Demo, Techno Arabaqua & Arab American Radio
The following appeared in The Rocket.
Some two decades have passed since Bryn Jones passed away from a rare blood infection in his native Manchester, but his music keeps on coming. After all this time, it's easy to be sceptical about the prospect of fresh Muslimgauze material. But in his lifetime, Jones was furiously prolific and in a sense, the vast quantity of music out there is supportive, rather than detrimental, to the Muslimgauze myth. As with, say, The Fall, something about the byzantine depths and strange twists and turns of Jones's catalogue works in the service of the artist. Always the same, always different.
Demo, Techno Arabaqua and Arab American Radio are the first three releases of a new batch of recordings uncovered by Staalplaat, who released much of Jones's music during his lifetime and received his archives after his death. It would be hyperbolic to describe them as major works — they have the feel of rehearsal tapes, rough and ready canvases for experimentation, and their release is accordingly humble: downloads via Bandcamp, with some nicely designed limited edition cassettes for collectors.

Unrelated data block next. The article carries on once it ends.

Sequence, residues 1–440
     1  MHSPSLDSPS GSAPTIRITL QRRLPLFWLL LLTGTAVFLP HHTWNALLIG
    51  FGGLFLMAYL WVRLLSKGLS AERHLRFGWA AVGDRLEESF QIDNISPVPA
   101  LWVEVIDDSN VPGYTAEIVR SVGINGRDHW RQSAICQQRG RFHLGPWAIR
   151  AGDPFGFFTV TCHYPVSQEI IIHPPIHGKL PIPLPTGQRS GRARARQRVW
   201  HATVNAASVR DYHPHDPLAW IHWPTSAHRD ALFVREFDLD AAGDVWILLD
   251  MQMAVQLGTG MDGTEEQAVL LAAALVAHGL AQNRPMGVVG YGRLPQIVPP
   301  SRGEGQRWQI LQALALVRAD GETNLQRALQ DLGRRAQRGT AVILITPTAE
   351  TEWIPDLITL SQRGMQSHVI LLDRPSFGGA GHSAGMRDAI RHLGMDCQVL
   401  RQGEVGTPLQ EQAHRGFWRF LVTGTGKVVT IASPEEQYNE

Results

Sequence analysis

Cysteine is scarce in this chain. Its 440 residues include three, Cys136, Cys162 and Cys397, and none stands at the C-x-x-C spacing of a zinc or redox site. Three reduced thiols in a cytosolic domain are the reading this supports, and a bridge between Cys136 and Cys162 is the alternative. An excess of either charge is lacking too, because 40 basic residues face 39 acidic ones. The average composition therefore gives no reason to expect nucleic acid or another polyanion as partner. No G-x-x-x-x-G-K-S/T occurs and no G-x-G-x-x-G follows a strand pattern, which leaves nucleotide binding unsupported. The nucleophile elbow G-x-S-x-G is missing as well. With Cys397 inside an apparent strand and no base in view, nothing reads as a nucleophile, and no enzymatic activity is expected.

Certain threads run throughout Jones's Muslimgauze work — a fascination for Middle Eastern instrumentation that went hand in hand with his strident pro-Arab political consciousness; and a shadowy, enigmatic quality that made the stridency of his politics easy to avoid, if you so chose. Of these new releases. Demo is much in line with Jones's 1980s recordings, a set of primitive percussion tracks assembled from hand drums, chimes and simple effects, and possessed of a coldly malevolent focus.
What makes the Muslimgauze catalogue is tracking how Jones responded to new technologies — you can literally hear him picking up new equipment, mastering it and dismissing it in favour of the next thing. The three tracks of Techno Arabaqua explore a moxiy, rugged techno that's fairly distinct in his catalogue, dusty snares and acid blips on manoeuvres around an advancing kickdrum. Most interesting of these three cassettes, though, is Arab American Radio. In five comparatively brief tracks, it takes in a psychotic hand-drum excursion blitzed with eruptions of noise, a chaotic experiment in drum 'n' bass tempos, and a couple of tracks that find Jones futzing around with sampled breakbeats.
review by Louis Pattison
This text originally appeared in The Wire magazine (issue # 444).
see also Arab American Radio, Demo & Techno Arabaqua
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Demo (Cas) Demo (Dig) Techno Arabaqua (Cas) Techno Arabaqua (Dig) Arab American Radio (Cas) Arab American Radio (Dig)
May 12, 2021